Tourette Syndrome is a disorder with no known cause and, unfortunately, no cure. Doctors often prescribe pharmaceuticals with debilitating side effects to treat it, but new research has found that cannabis improved symptoms without many of the negative secondary effects of other medications.
Tourette Syndrome is a relatively common Tic Disorder. According to the Centers for Disease Control, approximately one in 360 children between the ages of six and 17 are diagnosed with the disorder. The Tourette Association of America reports that those diagnosed with Tourette Syndrome have had “at least two motor tics and at least one vocal or phonic tic in some combination over the course of more than a year.”
The cause for all Tic Disorders is still unknown and there’s no known cure for Tourette Syndrome in particular. But, a significant amount of research has been conducted on possible treatment options. Unfortunately, many of these include pharmaceuticals that are ineffective for treatment-resistant cases and can cause a laundry list of adverse side effects like weight gain and social withdrawal. This has led researchers to explore alternative treatment options.
The first of two recent studies researching cannabis as a treatment for Tourette Syndrome was a single-subject clinical trial performed in 2016. The goal of this study was to evaluate whether cannabis could be an effective therapy for those with treatment-resistant cases.
The subject of the study was treated with 10.8 mg of THC and 10 mg of CBD twice daily via an oral cannabis spray called Sativex. The individual was assessed prior to treatment and then again at one, two and four weeks. During each assessment, the subject completed the Yale Global Tic Severity Scale, the most widely used scale to quantify the severity of tics.
Researchers also recorded each session on video. Assessors who were blind to the stage of treatment evaluated the videos according to the Original Rush Videotape Rating scale, an objective rating system used for tic assessment.
In both measures, the frequency and severity of the subject’s tics showed a marked improvement without any serious adverse effects or impairment on neuropsychological performance. Researchers concluded, “Cannabis can be an effective treatment for Tourette Syndrome and should be considered for those with treatment-resistant cases.”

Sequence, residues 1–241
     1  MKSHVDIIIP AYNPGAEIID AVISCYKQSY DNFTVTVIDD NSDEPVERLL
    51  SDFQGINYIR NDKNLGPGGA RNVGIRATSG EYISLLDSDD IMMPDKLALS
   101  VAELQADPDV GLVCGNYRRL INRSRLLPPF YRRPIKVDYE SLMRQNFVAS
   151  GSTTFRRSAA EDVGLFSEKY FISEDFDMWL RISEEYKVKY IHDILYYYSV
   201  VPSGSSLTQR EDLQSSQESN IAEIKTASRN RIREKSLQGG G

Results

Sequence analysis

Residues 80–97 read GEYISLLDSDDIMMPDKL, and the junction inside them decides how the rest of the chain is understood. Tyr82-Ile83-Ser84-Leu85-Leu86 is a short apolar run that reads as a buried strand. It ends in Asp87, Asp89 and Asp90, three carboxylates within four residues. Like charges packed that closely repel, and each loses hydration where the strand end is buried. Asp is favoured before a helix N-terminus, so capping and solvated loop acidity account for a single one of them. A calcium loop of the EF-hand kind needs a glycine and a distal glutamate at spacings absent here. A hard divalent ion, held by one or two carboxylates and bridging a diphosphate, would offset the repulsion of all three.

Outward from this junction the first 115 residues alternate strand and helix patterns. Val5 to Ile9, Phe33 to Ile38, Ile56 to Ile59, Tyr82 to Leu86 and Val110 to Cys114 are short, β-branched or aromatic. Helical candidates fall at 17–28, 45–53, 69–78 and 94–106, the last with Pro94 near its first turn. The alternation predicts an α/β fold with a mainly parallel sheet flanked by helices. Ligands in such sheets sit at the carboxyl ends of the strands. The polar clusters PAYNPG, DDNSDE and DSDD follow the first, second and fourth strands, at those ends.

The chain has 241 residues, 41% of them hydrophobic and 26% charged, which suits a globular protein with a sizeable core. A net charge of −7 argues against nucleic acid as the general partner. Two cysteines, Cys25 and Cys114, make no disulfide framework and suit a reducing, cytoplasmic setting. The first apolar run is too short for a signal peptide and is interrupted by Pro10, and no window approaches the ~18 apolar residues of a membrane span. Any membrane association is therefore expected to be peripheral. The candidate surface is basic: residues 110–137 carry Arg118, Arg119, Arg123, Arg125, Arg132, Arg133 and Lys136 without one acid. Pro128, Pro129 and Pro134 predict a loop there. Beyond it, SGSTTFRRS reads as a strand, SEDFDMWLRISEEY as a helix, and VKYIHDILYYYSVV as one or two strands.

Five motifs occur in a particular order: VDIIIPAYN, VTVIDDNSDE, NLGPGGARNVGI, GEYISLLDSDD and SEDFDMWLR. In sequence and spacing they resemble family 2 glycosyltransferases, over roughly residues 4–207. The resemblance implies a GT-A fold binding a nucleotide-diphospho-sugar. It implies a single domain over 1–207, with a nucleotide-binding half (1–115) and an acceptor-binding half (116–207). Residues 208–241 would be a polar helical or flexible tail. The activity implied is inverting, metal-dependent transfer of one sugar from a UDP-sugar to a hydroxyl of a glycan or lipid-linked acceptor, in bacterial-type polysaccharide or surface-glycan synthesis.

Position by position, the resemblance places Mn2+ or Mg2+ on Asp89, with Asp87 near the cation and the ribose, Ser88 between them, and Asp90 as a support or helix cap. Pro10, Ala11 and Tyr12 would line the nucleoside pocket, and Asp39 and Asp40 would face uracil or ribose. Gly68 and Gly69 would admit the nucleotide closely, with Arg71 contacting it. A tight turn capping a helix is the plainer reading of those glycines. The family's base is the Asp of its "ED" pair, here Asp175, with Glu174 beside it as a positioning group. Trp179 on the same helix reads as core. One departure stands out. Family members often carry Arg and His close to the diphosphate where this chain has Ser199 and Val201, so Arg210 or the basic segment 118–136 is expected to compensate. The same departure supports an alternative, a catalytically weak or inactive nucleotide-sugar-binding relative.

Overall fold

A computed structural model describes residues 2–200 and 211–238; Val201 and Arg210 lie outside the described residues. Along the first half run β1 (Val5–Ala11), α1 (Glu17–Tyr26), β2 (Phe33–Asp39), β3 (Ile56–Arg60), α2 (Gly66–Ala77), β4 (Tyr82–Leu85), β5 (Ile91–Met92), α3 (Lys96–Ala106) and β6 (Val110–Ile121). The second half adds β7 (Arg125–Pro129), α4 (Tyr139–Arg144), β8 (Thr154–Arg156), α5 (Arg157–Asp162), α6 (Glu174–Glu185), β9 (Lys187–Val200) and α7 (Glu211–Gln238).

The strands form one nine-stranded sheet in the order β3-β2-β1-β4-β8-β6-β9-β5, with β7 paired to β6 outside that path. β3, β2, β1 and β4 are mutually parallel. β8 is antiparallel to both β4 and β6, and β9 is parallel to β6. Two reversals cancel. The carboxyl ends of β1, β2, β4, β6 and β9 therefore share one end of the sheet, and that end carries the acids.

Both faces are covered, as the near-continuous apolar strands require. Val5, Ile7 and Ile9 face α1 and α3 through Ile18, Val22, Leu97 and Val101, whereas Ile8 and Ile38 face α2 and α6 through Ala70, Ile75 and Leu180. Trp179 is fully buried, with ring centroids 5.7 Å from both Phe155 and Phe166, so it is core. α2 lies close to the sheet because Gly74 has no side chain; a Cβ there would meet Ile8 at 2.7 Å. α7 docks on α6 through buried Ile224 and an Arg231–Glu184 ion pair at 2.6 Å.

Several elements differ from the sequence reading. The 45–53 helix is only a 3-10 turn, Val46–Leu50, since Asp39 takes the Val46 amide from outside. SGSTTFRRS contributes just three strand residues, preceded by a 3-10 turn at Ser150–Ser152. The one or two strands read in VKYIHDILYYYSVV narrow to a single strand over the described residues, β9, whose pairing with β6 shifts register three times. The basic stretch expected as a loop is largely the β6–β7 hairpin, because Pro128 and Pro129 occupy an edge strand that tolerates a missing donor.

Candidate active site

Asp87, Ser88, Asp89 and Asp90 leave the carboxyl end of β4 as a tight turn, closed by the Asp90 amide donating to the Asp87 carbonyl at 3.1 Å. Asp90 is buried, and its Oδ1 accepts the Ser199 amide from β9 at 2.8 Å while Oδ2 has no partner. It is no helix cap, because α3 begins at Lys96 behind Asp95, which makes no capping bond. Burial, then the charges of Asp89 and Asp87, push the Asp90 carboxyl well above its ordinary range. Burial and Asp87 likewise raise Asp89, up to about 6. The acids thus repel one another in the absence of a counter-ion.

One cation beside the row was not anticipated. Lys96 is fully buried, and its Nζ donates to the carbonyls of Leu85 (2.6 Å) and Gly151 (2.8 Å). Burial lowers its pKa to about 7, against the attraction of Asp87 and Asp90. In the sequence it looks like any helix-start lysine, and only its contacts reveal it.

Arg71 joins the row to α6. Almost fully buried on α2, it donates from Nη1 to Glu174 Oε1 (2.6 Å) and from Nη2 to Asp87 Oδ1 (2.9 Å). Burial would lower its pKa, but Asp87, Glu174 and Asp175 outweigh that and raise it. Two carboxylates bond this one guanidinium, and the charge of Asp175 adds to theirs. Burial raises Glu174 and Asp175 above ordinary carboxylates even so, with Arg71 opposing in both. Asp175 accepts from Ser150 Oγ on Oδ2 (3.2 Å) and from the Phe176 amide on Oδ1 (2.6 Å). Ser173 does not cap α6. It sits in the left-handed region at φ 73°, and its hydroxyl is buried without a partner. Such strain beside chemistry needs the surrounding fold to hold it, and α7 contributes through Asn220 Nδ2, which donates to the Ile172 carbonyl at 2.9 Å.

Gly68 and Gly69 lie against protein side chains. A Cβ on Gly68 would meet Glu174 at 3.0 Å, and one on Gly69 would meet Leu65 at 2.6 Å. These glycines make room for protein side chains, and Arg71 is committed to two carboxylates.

Meanwhile, a 2017 study conducted by the University of Toronto and published in the Journal of Neuropsychiatry and Clinical Neurosciences concluded with similar results.
In this study, 19 adults with Tourette Syndrome were treated using inhaled cannabis. All participants experienced “clinically significant” symptom relief from obsessive-compulsive behavior, anxiety, irritability, impulsivity and rage. Nearly every participant (18 of 19) were at least “much improved” and showed up to a 60% decrease in tic severity.
Most subjects experienced some mild side effects, which can be expected, but all patients were able to tolerate those side effects well.
Overall, researchers concluded, “Cannabis seems to be a promising treatment option for tics and associated symptoms.” In addition, the University of Toronto researchers referenced the 2016 Sativex study, saying that Tourette Syndrome patients who use inhaled cannabis often see better results and greater overall improvement.
Since the cause of Tourette Syndrome is still unknown, it’s difficult for researchers to figure out exactly why cannabis is so effective at treating the disorder. Some researchers suggest that THC’s ability to activate the CB1 receptors in the endocannabinoid system, which play a vital role in regulating the central nervous system, could have something to do with its success in treating spasms and other symptoms.
Currently, only a few medical marijuana states specifically list Tourette Syndrome as a qualifying condition. These states are: Arkansas, Illinois, Minnesota and Ohio. Quite a few more allow medical marijuana for the broad condition of “spasms” that typically contain those associated with Tourette Syndrome. These states include: Arizona, California, Colorado, Delaware, Florida, Hawaii, Louisiana, Maryland, Minnesota, Montana, Nevada, New Hampshire, Oregon, Rhode Island and Washington.
If you live in one of these states and have access to medical cannabis, it may be time to explore it as a potential option to help alleviate the symptoms of Tourette Syndrome and other Tic Disorders.
Photo credit: @kylebroad